“Your contact is a man, a White Russian emigre, named Ivor Mechtin. Don’t get him angry. Our last courier made that mistake and came home in the same box as his shipment.”

“And what am I giving him?”

“3500 Mauser rifles and 35,000 rounds of 8mm Mauser ammunition.”

“Are we starting a war or something?”

“Frankly, yes. If the deal goes well, we have 500 MG08/15 heavy machine guns ready to sell as well. If it doesn’t, well, you’ll be dead so it’ll hardly matter.”

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“I am looking for the village hidden in the east.”

Ito fell as silent as the people in the Amuramaro inn, though he did not regard Takenaka with the same mixture of fear and hostility. “You are not a stupid man, Takenaka-san,” he said. “Surely you know by now we do not speak of it here.”

“Surely you know by now one of my maxims: uncooked vegetables and uncut fish fester. It is hard work, but sometimes these things must be confronted.”

Considering this, Ito looked to the east. “We have never been there, never seen it,” he whispered. “They come into town for supplies, and they only ask once. We are warned not to speak of them, and some gossips have been killed.”

“Have you not brought this to the attention of the authorities?” Takenaka said.

“They killed a man sent to investigate in a rockslide.”

Takenaka stroked his chin. “It seems if I am to have my answers, I have but one choice.”

“To be as an avenging spirit, and cut them down?” said Ito hopefully.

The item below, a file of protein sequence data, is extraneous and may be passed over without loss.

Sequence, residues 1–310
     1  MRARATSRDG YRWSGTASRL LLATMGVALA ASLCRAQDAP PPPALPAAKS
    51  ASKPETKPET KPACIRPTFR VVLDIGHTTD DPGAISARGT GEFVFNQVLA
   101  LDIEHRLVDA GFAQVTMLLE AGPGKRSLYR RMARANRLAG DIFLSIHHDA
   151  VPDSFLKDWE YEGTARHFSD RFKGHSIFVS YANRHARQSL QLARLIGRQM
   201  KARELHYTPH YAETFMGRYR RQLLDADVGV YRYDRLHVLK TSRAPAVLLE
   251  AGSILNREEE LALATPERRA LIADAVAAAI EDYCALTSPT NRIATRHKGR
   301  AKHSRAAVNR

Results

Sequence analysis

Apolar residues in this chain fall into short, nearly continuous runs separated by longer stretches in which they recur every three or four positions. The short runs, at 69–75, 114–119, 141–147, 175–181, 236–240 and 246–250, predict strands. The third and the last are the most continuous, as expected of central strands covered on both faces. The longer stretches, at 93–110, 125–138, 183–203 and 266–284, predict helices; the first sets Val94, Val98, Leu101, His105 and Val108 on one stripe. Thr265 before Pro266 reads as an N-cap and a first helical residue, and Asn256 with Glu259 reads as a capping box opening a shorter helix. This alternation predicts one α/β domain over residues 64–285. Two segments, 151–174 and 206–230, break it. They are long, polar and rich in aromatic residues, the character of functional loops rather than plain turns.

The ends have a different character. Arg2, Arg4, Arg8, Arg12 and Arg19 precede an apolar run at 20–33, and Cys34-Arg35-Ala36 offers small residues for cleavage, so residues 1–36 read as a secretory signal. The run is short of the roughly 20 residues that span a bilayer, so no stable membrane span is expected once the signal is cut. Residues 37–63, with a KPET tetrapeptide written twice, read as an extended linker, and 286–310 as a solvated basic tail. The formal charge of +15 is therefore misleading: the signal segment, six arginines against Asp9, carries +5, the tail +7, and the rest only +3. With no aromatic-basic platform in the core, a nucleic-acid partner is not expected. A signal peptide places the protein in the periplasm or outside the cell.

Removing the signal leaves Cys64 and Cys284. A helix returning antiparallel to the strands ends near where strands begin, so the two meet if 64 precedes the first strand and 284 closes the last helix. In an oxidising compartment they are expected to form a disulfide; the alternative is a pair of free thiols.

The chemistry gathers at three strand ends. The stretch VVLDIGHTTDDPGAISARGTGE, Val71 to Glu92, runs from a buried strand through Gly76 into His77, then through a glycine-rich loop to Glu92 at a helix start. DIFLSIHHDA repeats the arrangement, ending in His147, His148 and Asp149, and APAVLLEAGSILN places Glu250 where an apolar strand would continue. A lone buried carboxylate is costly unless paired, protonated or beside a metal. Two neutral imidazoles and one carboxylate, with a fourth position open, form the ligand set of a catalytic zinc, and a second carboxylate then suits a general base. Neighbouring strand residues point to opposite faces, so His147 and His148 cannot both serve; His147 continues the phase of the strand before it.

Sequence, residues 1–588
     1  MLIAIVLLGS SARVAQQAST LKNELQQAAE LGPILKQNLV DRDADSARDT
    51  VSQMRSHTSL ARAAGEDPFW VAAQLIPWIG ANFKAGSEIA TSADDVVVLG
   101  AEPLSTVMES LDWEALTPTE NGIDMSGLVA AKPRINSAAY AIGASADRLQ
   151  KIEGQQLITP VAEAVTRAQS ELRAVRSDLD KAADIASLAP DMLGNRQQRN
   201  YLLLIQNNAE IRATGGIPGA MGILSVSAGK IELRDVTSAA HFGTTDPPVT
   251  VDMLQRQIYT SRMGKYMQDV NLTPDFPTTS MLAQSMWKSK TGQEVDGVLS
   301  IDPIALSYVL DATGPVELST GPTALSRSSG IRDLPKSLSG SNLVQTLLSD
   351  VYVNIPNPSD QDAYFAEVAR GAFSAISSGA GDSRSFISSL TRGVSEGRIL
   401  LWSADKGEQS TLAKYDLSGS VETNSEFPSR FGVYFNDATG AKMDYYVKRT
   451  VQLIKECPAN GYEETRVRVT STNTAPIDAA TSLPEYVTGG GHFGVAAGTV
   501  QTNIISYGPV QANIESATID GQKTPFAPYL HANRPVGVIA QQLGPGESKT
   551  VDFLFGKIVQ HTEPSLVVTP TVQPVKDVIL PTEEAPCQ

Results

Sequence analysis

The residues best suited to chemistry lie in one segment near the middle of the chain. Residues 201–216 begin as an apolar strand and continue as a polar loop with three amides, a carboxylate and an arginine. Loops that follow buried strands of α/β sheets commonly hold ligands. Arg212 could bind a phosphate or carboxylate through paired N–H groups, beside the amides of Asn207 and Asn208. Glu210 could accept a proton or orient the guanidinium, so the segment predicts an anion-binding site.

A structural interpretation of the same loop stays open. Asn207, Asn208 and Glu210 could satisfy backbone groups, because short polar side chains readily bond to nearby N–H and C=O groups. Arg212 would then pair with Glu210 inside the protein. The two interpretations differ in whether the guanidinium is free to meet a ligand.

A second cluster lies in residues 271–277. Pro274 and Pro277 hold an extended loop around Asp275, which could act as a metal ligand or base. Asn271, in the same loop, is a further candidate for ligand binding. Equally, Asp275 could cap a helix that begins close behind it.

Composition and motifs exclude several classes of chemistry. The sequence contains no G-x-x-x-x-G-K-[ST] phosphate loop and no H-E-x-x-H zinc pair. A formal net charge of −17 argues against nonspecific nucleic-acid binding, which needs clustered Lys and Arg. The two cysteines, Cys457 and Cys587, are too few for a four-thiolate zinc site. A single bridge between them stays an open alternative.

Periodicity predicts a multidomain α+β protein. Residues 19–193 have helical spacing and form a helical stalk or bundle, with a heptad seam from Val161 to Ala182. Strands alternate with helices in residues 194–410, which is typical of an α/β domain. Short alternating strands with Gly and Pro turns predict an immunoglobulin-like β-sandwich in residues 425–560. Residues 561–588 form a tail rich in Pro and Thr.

“So many legends about the men I have cut up, and so few about the vegetables that met the same fate, even though one causes far more weeping than the other,” Takenaka said. “Except onions, of course,” he added with an impish grin.

“No, Ito-san, it is clear to me that if the village hidden in the east is stealing your food, they are in need of a genius chef. I suppose that I will have to do until such a genius arises.”

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The earth was disturbed for days beforehand, but no one thought much of it until the bleeding started.

Perhaps ‘bleeding’ is too melodramatic. No one saw it oozing up, or weeping impossibly from rocks. But it was there, pooled in the largest hollow that had been torn up by forces unknown. Something seemed to be stirring it below the surface, as only a few places near the edges and in the center of nigh-invisible eddies seemed to coagulate.

The slaughterhouse smell and the spots of coagulation were enough to show it was actual blood, which is just as well, because no one would approach the hollow to investigate it any further. Even when ordered by the local authorities, excavators refused to approach it. Local drivers refused to transport anyone to the site as well, and when someone tried to collect a sample, it was destroyed in their luggage before they could leave the area.

Everyone in the area agreed that the ground bleeding was a terrible omen, a sign of punishment to come, and they feared that any attempt at study would just make things worse.

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The moments of greatest rapture and joy